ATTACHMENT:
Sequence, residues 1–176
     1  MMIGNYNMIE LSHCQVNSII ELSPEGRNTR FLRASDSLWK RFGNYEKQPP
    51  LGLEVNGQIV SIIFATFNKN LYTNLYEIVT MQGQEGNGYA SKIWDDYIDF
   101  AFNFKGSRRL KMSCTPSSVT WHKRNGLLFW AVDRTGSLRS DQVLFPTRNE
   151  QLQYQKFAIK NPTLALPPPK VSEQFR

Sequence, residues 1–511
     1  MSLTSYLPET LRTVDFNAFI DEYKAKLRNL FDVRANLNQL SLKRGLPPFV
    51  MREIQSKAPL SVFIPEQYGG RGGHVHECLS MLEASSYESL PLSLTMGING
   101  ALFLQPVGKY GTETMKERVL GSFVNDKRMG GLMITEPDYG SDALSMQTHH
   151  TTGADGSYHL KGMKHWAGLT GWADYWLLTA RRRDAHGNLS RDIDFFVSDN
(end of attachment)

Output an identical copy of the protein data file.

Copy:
Sequence, residues 1–176
     1  MMIGNYNMIE LSHCQVNSII ELSPEGRNTR FLRASDSLWK RFGNYEKQPP
    51  LGLEVNGQIV SIIFATFNKN LYTNLYEIVT MQGQEGNGYA SKIWDDYIDF
   101  AFNFKGSRRL KMSCTPSSVT WHKRNGLLFW AVDRTGSLRS DQVLFPTRNE
   151  QLQYQKFAIK NPTLALPPPK VSEQFR

Sequence, residues 1–511
     1  MSLTSYLPET LRTVDFNAFI DEYKAKLRNL FDVRANLNQL SLKRGLPPFV
    51  MREIQSKAPL SVFIPEQYGG RGGHVHECLS MLEASSYESL PLSLTMGING
   101  ALFLQPVGKY GTETMKERVL GSFVNDKRMG GLMITEPDYG SDALSMQTHH
   151  TTGADGSYHL KGMKHWAGLT GWADYWLLTA RRRDAHGNLS RDIDFFVSDN